Odd Man Out

With his fancy footwork over gay marriage, Bloomberg could be stepping on too many toes

Skyler says the mayor wrestled for hours over the best course to take. Most compelling to Bloomberg was the lawyers' argument that the city should avoid what happened last year in San Francisco after its mayor, Gavin Newsom, began issuing marriage licenses to same-sex couples. People stood in line for days in the rain to get married, only to have their licenses later nullified by a state court. "He couldn't in good conscience allow people to get licenses knowing full well they won't mean anything without a firm court ruling," says informal adviser Jonathan Capehart, who urged Bloomberg to voice his personal belief in same-sex marriage.

This rationale has only incensed pro-gay-marriage activists, who overwhelmingly see it as patronizing. State Senator Tom Duane, a gay legislator from Manhattan, says he doesn't buy the notion that the mayor is trying to spare gay and lesbian couples. "In San Francisco," he says, "people were thrilled" just to be able to get married at City Hall. Besides, the two scenarios differ: In California, Newsom issued licenses in an act of civil disobedience. Here, the city was ordered to do so by a court—yet Bloomberg balked.

"He can spin this however he wants," Duane charges, "but the fact is he is working against our constitutional right to marry."

Same-sex appeal: Mayor Mike Bloomberg half raising a flag at the 2003 Gay Pride
photo: Cary Conover
Same-sex appeal: Mayor Mike Bloomberg half raising a flag at the 2003 Gay Pride

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  • Equally insulting to proponents is the mayor's pledge to lobby state legislators for marriage rights. For two years now, gay activists have tried to push a bill sponsored by Duane that would open civil marriage to same-sex couples. The legislation is now languishing in committee with no date set for debate and no real chance for passage. If Bloomberg believes in gay marriage, wonders Scott Jeffrey, a gay activist who heads the libertarian-oriented Legalize, "why hasn't he been lobbying Albany in favor of this bill?" He says the mayor could gain the ear of lawmakers thwarting the bill and maybe move it—if he really believes what he's saying.

    Even gay marriage opponents find the mayor's position disingenuous. If Bloomberg followed his vocal support for same-sex marriages by announcing that the city would not appeal, most conservative voters would have disagreed with him. "But they would have respected him more for taking a firm stand," says City Councilmember James Oddo, of Staten Island, one of three Republicans on the council. "What people take real umbrage with is the mayor's equivocating."


    The issue is bound to become a galvanizing force in the mayoral race—just as it was last fall in the presidential elections. Bloomberg aides say he'll keep running on his record, taking credit for getting the city through a fiscal crisis and bringing crime down. Gay marriage may be on New Yorkers' minds, but so are taxes, schools, and the economy.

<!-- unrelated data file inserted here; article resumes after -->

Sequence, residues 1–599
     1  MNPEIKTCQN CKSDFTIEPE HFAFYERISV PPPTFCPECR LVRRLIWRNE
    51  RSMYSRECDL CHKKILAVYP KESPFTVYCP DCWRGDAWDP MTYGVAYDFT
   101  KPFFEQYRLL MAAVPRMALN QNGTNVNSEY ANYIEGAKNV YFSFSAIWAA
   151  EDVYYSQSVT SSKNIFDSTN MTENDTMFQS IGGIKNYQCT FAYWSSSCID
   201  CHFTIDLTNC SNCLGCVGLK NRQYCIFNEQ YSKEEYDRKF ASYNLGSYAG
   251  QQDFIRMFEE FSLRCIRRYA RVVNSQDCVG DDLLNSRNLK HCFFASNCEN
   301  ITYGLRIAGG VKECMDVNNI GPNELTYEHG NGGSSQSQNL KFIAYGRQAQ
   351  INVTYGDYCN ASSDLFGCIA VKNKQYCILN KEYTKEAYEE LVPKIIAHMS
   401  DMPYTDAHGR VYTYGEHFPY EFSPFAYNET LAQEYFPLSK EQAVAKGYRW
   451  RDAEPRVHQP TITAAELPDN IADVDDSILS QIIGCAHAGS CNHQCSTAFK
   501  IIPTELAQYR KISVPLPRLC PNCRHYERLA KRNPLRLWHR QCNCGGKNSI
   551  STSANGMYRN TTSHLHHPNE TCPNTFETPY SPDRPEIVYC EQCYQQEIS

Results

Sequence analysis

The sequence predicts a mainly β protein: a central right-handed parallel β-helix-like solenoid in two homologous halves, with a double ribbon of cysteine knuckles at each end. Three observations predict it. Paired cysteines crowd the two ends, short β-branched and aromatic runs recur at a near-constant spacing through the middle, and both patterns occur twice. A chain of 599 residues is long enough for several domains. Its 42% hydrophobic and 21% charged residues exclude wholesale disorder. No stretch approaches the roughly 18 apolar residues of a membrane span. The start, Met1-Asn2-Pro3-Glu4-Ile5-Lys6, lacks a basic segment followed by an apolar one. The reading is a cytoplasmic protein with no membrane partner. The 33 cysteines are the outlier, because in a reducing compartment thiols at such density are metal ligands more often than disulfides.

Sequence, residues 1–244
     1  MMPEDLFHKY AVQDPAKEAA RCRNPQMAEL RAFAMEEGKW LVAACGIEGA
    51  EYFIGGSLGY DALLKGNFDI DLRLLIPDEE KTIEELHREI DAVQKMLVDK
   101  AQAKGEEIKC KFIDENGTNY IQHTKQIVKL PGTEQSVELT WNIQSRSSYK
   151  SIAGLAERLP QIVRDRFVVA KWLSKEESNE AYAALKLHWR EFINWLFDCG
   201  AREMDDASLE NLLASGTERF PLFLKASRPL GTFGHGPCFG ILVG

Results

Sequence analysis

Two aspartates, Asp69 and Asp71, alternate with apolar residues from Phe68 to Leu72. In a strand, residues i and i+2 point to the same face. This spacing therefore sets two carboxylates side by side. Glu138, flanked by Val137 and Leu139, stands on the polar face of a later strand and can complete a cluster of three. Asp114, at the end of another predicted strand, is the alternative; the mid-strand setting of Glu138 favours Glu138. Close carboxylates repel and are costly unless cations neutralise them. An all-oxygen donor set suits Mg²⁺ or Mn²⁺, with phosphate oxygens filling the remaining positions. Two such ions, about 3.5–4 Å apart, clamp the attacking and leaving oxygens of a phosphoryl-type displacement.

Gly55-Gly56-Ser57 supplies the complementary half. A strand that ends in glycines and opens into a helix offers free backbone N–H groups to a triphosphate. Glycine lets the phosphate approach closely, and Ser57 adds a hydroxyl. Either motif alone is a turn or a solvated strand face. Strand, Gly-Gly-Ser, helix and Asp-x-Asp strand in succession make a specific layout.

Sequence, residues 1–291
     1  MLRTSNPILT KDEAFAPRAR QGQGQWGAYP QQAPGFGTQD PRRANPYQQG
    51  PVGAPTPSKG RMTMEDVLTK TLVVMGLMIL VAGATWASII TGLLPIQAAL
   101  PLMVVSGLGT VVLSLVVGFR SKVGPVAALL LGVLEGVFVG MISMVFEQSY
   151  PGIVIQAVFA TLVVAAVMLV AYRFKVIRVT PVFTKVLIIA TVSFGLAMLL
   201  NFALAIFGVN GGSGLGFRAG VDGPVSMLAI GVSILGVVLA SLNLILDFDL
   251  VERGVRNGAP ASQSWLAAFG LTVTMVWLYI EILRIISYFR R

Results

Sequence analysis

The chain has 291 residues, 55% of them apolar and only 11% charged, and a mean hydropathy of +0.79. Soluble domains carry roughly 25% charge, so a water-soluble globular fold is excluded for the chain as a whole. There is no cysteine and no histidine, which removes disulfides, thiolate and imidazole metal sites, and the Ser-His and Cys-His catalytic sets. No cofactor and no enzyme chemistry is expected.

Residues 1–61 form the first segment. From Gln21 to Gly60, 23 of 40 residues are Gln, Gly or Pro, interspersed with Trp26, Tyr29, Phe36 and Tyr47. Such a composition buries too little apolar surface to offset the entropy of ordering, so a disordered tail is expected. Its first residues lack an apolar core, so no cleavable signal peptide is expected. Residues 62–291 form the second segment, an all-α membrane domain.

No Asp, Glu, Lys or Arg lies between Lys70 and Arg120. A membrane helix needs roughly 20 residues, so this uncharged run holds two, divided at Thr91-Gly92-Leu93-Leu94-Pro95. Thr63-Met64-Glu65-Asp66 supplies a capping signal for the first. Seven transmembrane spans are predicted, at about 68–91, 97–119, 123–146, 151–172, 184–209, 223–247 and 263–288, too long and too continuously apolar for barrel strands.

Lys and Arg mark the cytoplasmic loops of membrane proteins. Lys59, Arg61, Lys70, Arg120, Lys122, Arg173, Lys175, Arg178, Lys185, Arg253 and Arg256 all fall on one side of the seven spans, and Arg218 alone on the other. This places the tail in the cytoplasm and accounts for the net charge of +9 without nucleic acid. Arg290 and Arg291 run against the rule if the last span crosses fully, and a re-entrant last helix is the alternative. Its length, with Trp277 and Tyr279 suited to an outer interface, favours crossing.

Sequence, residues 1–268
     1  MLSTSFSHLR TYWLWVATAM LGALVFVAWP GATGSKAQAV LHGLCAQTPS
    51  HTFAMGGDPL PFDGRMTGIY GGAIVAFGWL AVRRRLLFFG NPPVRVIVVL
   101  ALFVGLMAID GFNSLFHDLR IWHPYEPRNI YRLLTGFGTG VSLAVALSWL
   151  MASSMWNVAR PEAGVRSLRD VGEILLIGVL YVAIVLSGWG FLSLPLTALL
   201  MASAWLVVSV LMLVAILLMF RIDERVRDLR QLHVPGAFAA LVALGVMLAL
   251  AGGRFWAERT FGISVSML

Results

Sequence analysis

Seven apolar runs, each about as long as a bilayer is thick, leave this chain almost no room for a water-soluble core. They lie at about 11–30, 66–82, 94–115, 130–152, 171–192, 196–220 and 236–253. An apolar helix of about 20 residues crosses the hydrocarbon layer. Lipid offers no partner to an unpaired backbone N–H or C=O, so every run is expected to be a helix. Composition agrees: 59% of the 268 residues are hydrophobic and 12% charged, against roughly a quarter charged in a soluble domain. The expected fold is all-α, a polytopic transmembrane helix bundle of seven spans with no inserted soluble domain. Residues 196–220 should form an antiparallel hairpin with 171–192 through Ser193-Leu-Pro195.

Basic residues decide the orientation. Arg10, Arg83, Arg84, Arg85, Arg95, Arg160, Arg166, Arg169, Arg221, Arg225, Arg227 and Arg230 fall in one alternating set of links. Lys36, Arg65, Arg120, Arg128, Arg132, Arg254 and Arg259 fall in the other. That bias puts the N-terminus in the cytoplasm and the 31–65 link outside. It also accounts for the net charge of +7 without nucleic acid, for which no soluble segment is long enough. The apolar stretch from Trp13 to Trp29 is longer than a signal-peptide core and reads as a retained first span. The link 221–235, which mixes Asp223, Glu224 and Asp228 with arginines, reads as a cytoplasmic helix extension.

"In all those cases," Capehart argues, "the favorable arrows are through the roof."

    But within the gay community, the fight for civil marriage rights has mobilized activists in a way not seen for a long time. The closer gay and lesbian couples get to achieving full equality under the law, the more important same-sex marriage becomes—and the more impatient they grow with elected officials who compromise.

    Some gay rights activists don't see the mayor's handling of the issue as an actual deal breaker—at least, not yet. Privately, they acknowledge that the fight had to move to the state's highest court regardless of the city's decision. And they recognize a silver lining in the appeal: Municipal lawyers have asked the Court of Appeals to hear the case directly, rather than have it wend through a slow-moving judicial system. The city may have shaved years from the date when same-sex marriages become legal in this state.

    Others, though, have already given up on Bloomberg. Bob Zuckerman, a board member of the Stonewall Democrats of New York, is convinced that the mayor has lost the overwhelming majority of the gay vote. "Many in the community thought that the mayor was doing a good job overall—but not now."

    It hasn't helped that Bloomberg had riled gay voters before. There was the Equal Benefits bill, for one, which would have required contractors doing $100,000 worth of business in the city to offer domestic partnership benefits to gay employees. When the council passed it last year, Bloomberg vetoed it. When the council overrode his veto, he sued. He followed a similar pattern with the Dignity for All Students Act, an anti-bullying bill that would have benefited gay kids. Bloomberg's handling of the gay marriage ruling, activists say, further exposes the mayor as a hypocrite.

    Conservatives, likewise, say the mayor's handling of the ruling by itself may not be all that damaging. But coupled with his other stances—he's pro-choice, pro-gun control, anti-death penalty—his latest action seems another example of an inability to stand for core Republican values. Oddo, the Republican councilmember, says he doubts that people in his "mostly family-oriented" Staten Island district "stood up and were out of their gourds" because of Bloomberg's statement. "But when you put it alongside his other positions, it's problematic."

    What all this agitation means for Bloomberg's survival is anyone's guess. His Democratic challengers—from Miller to Freddy Ferrer to Virginia Fields—have gotten mileage out of Bloomberg's say-one-thing-do-another approach, calling press conferences, attending gay rights rallies, issuing condemning statements. Yet they could pay a price too, because not all Democrats—especially in the outer boroughs—embrace gay marriage.

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